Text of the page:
A proposed three-story,16-unit Sertoma Centre apartment building was recommended for approval by an Orland Park Village Board committee last week, and will now go to the full village board for a vote.
Typically, issues approved at committee level are voted on at the next village board meeting, which in this case is Feb. 5.
The proposed development, designed for Sertoma clients who can live independently with support services, has already been approved by the village Plan Commission. It would be built on property adjacent to forest preserves, at the end of what is now a cul-de-sac, at the end of Union Street, north of 143rd Street and west of Southwest Highway. An underused funeral home is located there now.
The mission of Sertoma Centre, Inc., according to the organization’s website, is “to provide opportunities that empower individuals with disabilities to achieve personal success.”
Sertoma “envisions communities where all people with disabilities live, work and fully participate.”
Orland Park Assistant Village Manager Karie Friling, who also heads the Development Services Department, explained the plans at the Orland Park Village Board’s Development Services, Planning and Engineering Committee meeting on Jan. 15.
She said the building would have two two-bedroom apartments and the rest would be one-bedroom units. The building will also include a couple of rooms where residents can either socialize or meet with counselors.
A spokesperson for Sertoma said at the committee meeting that the location within the downtown zoning district fits the needs of Sertoma and its clients, being within walking distance of the Metra station at 143rd Street, as well as amenities such as stores and restaurants while having minimal impact on the residents who currently live on the block.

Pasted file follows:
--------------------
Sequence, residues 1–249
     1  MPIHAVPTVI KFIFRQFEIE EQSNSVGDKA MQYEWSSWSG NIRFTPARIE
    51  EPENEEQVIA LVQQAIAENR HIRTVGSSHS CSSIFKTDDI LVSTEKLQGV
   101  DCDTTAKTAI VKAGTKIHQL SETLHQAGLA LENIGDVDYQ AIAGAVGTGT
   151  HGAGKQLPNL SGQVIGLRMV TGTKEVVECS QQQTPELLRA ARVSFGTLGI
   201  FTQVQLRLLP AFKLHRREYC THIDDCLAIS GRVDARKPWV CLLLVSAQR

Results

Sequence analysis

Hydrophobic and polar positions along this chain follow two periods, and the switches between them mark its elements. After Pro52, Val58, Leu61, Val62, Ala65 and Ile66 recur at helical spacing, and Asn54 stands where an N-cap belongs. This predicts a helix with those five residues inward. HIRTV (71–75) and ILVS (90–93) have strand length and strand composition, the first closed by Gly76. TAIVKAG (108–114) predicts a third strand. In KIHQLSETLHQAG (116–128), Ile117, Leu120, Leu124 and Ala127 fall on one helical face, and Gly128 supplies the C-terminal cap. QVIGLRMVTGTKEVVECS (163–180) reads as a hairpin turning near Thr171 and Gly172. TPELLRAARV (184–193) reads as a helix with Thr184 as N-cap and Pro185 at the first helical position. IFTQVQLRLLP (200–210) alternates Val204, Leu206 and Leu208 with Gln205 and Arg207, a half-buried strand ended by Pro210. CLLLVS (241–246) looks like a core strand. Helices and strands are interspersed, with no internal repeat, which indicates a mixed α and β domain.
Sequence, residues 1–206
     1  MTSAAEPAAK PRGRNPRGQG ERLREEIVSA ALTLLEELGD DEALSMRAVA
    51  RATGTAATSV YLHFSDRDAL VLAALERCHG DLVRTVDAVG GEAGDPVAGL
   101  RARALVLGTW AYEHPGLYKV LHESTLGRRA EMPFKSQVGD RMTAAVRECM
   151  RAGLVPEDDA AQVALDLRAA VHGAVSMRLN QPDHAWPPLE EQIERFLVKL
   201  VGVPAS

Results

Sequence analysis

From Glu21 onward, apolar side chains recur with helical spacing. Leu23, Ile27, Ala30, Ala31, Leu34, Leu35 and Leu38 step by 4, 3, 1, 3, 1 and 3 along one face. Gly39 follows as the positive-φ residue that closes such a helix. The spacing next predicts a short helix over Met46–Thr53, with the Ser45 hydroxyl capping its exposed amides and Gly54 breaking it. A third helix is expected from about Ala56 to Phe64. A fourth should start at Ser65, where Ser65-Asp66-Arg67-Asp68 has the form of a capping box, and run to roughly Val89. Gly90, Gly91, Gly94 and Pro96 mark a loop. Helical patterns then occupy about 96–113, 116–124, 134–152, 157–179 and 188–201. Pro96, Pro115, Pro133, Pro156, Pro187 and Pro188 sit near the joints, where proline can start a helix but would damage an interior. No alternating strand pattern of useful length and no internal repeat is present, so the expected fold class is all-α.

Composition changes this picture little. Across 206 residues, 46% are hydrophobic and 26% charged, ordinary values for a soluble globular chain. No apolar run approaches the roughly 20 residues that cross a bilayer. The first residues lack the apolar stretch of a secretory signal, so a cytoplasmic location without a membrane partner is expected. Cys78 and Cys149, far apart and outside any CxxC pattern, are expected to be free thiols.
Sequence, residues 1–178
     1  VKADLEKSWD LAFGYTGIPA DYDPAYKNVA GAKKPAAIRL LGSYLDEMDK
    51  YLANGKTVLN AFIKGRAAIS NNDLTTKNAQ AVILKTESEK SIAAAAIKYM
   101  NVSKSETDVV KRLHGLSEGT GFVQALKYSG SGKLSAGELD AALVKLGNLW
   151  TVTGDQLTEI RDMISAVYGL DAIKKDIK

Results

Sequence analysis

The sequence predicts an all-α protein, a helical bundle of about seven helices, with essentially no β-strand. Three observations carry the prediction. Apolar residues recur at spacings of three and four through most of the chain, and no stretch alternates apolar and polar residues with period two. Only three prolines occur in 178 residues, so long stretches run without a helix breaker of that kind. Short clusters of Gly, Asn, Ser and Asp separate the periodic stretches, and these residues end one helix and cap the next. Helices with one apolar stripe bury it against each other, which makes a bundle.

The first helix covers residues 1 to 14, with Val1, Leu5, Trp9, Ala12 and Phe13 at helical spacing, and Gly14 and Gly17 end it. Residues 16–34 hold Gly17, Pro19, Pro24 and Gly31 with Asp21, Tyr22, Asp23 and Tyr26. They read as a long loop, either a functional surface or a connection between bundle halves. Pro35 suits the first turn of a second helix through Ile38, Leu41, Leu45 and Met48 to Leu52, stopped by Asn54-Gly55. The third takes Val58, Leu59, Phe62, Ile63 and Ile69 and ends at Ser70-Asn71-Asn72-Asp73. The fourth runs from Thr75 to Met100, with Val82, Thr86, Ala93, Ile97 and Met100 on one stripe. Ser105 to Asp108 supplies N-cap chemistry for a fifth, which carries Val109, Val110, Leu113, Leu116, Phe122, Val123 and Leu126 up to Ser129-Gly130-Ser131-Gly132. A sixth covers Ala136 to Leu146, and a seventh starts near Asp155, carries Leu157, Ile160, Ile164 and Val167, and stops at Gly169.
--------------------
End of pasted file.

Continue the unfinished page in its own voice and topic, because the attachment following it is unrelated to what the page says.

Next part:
Most of the apartment residents will not have cars, and Sertoma representatives said the building will likely have minimal impact on the single-family residences on the street.
However, John Newton, an attorney for resident Cynthia Thompson, said his client is against the project.
“My client has no objection to Sertoma coming in to Orland Park. They do good work. But this does not make sense in that location.”
He claimed it would have an “adverse effect on property values. It will discourage some buyers of the single-family homes, if they see an apartment building next-door.
“I understand this is an older street and there have been non-conforming uses. But just because (Sertoma) is a noble cause, it shouldn’t be rubber-stamped at any location,” said Newton. “We would like to see this not proceed, before a traffic study is done.”
Friling pointed out that the apartments would be built on what was a commercially zoned piece of property where a funeral home was located.
“What you have is a less-intense development, if you look at the renderings, it is a traditional-looking building. It looks like townhomes. It has a very residential feel,” she said. “This is going to generate such insignificant traffic, that this could result in having more green space. We are saving a number of heritage trees, too.”
Responding to questions from trustees Carole Ruzich and Kathy Fenton about staffing and other issues, the Sertoma representatives said that the social service agency manages 11 residences throughout the southwest suburbs. Most are single-family homes where clients live independently, and one in Homewood is an apartment building like the one being considered in Orland Park.
Sertoma staff will manage the site, with the property manager onsite several times a week.
Before recommending the project for approval, Ruzich also got confirmation from village staff that the apartment building would be subject to all the standard rules and regulations followed elsewhere in the village, including permits and inspections.